There are so many of his performances that drew me in that way. Robin Hood, Prince of Thieves was a favorite (still is), Truly, Madly, Deeply is the favorite of many I know. His portrayal of Snape in the Harry Potter series made me understand why J.K. Rowling thought of him playing the role as she was writing the character. I laughed - and identified - with him in Galaxy Quest, which is one I still watch again and again.

He touched me deeply with two of his films: Love Actually and Sense & Sensibility. The moments he created in those films showed his depth, his unending creativity, and the unique gift he had for doing just enough to engage you in his inner conflicts and thoughts. So many times on screen, he made you feel for him without saying anything. THAT is what made him an "actor's actor".  He showed me how to be better, even though I knew I would never achieve that level of artistry.  I still wanted to try when I watched him.

To say he will be missed is an understatement. He still had so much to give to audiences. I do love that film allows us to relive those cinematic moments again and again, but I am so sad that I'll never have a "new moment" in a darkened theatre when I discover another Alan Rickman creation on screen.

Rest In Peace, you dear, talented, and giving artist.

Friday, January 8, 2016

Time Spent Promoting A Book Is Not Only Time Well Spent; It's Necessary!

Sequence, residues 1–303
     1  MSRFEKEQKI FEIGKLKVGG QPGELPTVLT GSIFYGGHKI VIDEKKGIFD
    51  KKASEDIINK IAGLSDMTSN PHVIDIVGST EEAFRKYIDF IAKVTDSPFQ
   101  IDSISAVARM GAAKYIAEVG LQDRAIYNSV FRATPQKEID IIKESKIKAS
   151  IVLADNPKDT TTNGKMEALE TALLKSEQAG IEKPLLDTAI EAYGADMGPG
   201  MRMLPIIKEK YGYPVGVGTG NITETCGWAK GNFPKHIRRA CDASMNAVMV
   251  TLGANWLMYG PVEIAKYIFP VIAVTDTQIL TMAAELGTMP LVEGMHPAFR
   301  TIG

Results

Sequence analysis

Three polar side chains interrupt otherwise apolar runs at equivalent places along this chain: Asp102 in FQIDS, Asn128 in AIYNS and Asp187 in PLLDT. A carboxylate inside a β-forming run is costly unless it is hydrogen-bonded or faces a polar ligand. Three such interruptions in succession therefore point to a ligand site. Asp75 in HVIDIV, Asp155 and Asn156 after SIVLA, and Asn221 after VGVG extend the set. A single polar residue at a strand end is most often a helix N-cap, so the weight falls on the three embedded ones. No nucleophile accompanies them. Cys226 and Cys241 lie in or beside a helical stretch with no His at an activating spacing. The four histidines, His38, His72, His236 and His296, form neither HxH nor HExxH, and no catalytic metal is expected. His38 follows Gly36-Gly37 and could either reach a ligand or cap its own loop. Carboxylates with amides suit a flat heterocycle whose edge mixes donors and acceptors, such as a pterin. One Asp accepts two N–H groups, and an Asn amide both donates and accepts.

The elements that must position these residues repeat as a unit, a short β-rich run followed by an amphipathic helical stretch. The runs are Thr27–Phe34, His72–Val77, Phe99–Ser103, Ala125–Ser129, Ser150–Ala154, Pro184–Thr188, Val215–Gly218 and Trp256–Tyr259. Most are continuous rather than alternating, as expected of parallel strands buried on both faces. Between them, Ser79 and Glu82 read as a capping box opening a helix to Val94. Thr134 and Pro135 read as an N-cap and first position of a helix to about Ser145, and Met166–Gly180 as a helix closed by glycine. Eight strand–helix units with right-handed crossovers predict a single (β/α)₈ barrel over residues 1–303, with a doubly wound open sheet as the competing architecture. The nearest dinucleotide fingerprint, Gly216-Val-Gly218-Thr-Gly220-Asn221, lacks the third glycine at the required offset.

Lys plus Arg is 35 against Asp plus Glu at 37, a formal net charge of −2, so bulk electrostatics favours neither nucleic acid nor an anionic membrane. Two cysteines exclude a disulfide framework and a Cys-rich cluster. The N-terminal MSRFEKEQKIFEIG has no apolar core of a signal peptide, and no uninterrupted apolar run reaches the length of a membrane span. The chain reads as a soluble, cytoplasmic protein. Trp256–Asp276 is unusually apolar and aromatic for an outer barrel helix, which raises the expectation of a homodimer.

Of course it's fun having a book that is sparking the interest ours is.  It's also fun having friends and family tell you they've read, or are reading, the book, and think it's a great read.  We've done podcasts, been interviewed by a major newspaper, and "Together in the Dream" is now being sold in the #1 independent bookstore in the Chicago area: Anderson's Bookshop.

That would be enough for some who've been lucky enough to have a book published.  But, there are so many self-published and vanity published books deluging the reader's market now, unless you have the marketing campaign of one of the top five publishers, you can never stop promoting it on your own.  Certainly, our independent publisher has made our book available on Amazon.com and Kindle, and he's let reviewers, etc., know it's out there. Plus, if you go on the themeparkpress.com website, there it is on the cover page, in full color, available for sale right there.

We know, though, ("we" being my beloved husband, R.J., and I) that we can't stop looking for ways to get our volume known, and reviewed, and read by more than just those who love us already.  So, we go on all social media sites: Facebook, Linked In, Twitter our blogs, R.J.'s website, on a daily basis to let our followers know what's happening with the book - and us.  It's extremely time-consuming, but most definitely worth it in the end.  To date, it has yielded thousands of followers, netted us podcast interviews, and speaking engagements.

Even though we have been self-employed for many years now, our writing is now the prime, motivating work of our lives.  R.J. has already been asked to do a second book, which he's busy writing now, and we've just been encouraged by our publisher to write a sequel to "Together in the Dream".  And we have lots of ideas for other work as well.

Spending our days researching and learning ways to "get our book out there" has become as important as penning the new stuff.  It's even what's kept me from posting on my blog since before Christmas.  It is possible to make a living at being a writer - but it doesn't just land in your lap because you get a positive review or you sell some copies for a few weeks.  It's a full-time job - and we think it's worth it.